A German childrens' detective series, and lately, a series of video-games as well. It is one of the most popular kid detective series in Germany, along with The Three Investigators. The title refers to the initials of the four main characters, Tarzan/Tim, Karl, Klößchen, and Gabi.
TKKG provides examples of:
Adults Are Useless: Usually played straight, averted with some of the more important adults, for example Gabi's dad Kommissar Glockner.
Amateur Sleuth: The titular group. Partially justified that some events are not of a scale where Police would get involved. Other times they support the Police with investigations of their own because friends are involved.
Ax-Crazy: Alternate Character Interpretation for Tim, especially if you look at his track record and willingness to use violence. (But take this with a grain of salt: The kids have solved hundreds of crimes so far and barely aged a year, and also have no realistic Character Development, so how probable is this after all?)
Damsel in Distress: At least a third of the stories put Gabi into some kind of danger from which she has to be saved by Tim.
Do Not Call Me Paul: After he couldn't be called Tarzan anymore for legal reasons, Tim stated that he had seen the Tarzan movie, didn't like the protagonist and didn't want to be called by his nickname. In the German version, he also doesn't like his given first name Peter, so he prefers being called Tim, which is short for his second name Timotheus (after his grandpa).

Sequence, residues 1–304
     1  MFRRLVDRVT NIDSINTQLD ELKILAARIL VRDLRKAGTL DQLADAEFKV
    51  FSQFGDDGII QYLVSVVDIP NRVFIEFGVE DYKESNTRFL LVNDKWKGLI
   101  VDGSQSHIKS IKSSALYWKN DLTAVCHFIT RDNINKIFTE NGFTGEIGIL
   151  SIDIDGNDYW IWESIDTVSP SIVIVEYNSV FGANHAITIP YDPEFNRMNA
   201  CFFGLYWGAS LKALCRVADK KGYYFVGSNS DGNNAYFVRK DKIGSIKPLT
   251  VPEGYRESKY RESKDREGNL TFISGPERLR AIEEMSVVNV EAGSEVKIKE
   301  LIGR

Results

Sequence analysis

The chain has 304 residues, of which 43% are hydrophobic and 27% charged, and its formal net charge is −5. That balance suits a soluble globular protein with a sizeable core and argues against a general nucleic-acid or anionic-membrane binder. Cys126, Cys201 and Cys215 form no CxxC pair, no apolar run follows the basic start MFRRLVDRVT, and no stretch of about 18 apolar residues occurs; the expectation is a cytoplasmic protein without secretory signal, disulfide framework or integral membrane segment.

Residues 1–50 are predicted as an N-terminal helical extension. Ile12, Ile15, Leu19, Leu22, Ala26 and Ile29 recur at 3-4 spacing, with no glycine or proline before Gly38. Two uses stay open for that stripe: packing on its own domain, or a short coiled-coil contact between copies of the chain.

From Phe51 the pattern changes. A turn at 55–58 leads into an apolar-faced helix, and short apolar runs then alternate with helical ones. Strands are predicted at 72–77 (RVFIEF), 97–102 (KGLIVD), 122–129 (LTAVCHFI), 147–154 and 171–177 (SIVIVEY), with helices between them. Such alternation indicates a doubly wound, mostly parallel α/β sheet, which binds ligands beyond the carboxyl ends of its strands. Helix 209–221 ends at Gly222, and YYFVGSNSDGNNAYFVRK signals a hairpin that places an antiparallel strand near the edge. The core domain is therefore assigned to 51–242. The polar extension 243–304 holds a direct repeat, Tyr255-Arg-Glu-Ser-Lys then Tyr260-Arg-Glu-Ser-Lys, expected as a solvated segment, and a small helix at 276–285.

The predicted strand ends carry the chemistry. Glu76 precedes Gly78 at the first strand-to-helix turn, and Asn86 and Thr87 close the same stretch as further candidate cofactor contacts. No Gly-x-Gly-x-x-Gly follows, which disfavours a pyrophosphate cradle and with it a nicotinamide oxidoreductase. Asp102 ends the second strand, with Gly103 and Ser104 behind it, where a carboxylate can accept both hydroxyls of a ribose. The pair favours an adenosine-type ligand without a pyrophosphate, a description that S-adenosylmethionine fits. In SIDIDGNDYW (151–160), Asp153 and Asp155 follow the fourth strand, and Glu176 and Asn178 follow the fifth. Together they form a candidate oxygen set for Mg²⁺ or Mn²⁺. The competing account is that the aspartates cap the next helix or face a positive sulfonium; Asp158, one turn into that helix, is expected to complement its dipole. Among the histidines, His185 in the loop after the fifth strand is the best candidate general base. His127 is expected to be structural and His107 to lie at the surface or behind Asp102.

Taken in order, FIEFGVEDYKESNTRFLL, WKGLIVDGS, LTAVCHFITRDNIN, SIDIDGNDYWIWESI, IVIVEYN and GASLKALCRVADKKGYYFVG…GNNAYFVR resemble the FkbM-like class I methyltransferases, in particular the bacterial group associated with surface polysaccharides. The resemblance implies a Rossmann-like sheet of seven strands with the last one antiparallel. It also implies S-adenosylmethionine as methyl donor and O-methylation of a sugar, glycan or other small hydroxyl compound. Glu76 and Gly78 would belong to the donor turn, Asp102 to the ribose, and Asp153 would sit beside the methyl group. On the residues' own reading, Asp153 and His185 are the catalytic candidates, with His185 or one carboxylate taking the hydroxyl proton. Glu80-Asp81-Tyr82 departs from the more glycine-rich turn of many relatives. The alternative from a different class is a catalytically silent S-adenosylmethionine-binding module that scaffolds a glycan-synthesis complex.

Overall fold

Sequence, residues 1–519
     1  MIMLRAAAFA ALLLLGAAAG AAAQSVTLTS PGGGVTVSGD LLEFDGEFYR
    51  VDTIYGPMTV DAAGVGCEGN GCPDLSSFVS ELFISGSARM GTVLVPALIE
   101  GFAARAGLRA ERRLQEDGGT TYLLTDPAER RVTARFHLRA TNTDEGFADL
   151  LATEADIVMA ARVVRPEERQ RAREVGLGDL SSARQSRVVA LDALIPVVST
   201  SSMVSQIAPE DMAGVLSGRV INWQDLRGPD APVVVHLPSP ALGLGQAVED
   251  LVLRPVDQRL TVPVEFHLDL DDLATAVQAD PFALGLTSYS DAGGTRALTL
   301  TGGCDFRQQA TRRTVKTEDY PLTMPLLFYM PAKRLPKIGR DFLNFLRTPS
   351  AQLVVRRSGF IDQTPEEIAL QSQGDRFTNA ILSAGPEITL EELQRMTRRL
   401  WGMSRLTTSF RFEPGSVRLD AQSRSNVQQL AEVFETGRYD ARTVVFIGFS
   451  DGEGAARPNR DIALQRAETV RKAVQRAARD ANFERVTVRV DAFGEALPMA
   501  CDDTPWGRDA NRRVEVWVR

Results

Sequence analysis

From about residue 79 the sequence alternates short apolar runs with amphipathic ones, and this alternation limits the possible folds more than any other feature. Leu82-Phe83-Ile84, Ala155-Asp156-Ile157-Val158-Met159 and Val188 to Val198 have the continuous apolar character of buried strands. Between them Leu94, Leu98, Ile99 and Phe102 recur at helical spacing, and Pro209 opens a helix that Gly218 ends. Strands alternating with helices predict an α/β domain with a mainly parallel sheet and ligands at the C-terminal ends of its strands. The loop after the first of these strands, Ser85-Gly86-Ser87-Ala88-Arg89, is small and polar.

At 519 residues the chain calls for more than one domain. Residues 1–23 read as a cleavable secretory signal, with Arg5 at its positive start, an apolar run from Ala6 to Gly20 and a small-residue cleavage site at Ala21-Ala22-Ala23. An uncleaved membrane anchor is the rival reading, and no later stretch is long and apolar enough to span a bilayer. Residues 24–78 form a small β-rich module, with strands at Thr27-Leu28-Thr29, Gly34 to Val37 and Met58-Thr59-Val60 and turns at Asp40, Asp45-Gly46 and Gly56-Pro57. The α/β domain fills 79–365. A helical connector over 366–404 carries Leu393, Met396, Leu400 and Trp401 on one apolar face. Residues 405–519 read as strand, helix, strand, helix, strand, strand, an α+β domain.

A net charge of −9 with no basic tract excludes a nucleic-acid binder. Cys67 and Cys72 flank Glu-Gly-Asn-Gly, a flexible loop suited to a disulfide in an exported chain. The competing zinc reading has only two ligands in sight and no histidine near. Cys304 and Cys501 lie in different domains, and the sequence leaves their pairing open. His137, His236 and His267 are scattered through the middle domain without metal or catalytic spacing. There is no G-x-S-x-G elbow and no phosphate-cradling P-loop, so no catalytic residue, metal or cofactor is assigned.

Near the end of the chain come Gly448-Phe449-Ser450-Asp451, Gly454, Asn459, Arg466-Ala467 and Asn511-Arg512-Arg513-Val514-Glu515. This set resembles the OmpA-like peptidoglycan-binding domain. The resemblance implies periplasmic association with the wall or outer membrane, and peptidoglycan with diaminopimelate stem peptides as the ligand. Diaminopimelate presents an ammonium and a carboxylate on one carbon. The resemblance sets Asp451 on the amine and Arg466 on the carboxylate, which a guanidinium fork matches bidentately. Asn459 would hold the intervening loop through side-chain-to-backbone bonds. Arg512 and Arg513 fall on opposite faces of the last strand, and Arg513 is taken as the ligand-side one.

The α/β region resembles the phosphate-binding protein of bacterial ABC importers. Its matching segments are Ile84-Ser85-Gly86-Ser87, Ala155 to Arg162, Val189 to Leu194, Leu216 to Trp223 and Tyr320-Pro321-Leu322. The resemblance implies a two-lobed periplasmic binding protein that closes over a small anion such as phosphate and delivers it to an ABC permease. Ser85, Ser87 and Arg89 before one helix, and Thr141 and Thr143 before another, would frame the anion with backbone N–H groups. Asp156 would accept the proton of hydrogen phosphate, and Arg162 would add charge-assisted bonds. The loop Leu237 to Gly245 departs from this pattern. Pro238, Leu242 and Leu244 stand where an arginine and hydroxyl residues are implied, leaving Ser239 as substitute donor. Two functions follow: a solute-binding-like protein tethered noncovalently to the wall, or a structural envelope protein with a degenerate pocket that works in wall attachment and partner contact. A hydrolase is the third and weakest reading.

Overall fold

Double Standard: Gabi is usually sent home if it gets late or dangerous. The boys can do what they want.
Good Bad Translation: Given the translation largely being for the benefit of Germans, catchphrases abound, including - "Is it true that you have the best machines of anybody in the town?". Also, rather archaic slang, such as "They've given her the Mickey Finn".
Identical Stranger: This trope happens in TKKG stories more often than statistically probable.
In-Series Nickname: "Tarzan", "Computer", "Klößchen" and "Pfote". It's never mentioned who actually invented them.
Kid Detective: Kids solving mysteries at least some problems concerning authorities are averted because they have contacts who know they are trustworthy.
Kung-Fu Kid: Tim qualifies, being just 13 / 14 (forever). Strictly speaking, he doesn't know Kung Fu but Judo and Jiu-Jitsu instead, but he's still pretty good at them for his age.
Long Runner: Started in 1979, more than 167 books have been published by now. There also more than 100 audio books.
Whodunnit: The second book. A classmate of the gang his disappeared, and there are several suspects: A blind clairvoyant who fakes his blindness, an Italian restaurant owner, and a bully from their school. All of them are pretty unsympathetic and have possible motives. At the end, they find out that the victim "kidnapped" himself, because he was fed up with his parents; his father is preoccupied with his work as an architect and his mother spends her time imagining she was a reincarnated medieval noblewoman.